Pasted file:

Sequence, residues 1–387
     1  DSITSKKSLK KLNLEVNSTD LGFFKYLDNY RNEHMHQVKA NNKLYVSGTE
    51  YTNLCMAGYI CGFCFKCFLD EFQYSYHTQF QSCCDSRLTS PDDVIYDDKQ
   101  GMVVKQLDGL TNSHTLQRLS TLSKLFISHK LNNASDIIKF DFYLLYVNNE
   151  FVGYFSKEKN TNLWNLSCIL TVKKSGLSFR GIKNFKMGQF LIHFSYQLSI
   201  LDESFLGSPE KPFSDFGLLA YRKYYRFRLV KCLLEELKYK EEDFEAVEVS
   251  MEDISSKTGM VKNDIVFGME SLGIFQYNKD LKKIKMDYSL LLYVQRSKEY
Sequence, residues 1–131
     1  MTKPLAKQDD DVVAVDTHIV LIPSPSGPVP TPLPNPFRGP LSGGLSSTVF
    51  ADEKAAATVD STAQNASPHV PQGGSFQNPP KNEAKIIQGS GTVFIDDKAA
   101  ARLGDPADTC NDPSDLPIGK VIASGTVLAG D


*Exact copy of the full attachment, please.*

Sequence, residues 1–387
     1  DSITSKKSLK KLNLEVNSTD LGFFKYLDNY RNEHMHQVKA NNKLYVSGTE
    51  YTNLCMAGYI CGFCFKCFLD EFQYSYHTQF QSCCDSRLTS PDDVIYDDKQ
   101  GMVVKQLDGL TNSHTLQRLS TLSKLFISHK LNNASDIIKF DFYLLYVNNE
   151  FVGYFSKEKN TNLWNLSCIL TVKKSGLSFR GIKNFKMGQF LIHFSYQLSI
   201  LDESFLGSPE KPFSDFGLLA YRKYYRFRLV KCLLEELKYK EEDFEAVEVS
   251  MEDISSKTGM VKNDIVFGME SLGIFQYNKD LKKIKMDYSL LLYVQRSKEY
Sequence, residues 1–131
     1  MTKPLAKQDD DVVAVDTHIV LIPSPSGPVP TPLPNPFRGP LSGGLSSTVF
    51  ADEKAAATVD STAQNASPHV PQGGSFQNPP KNEAKIIQGS GTVFIDDKAA
   101  ARLGDPADTC NDPSDLPIGK VIASGTVLAG D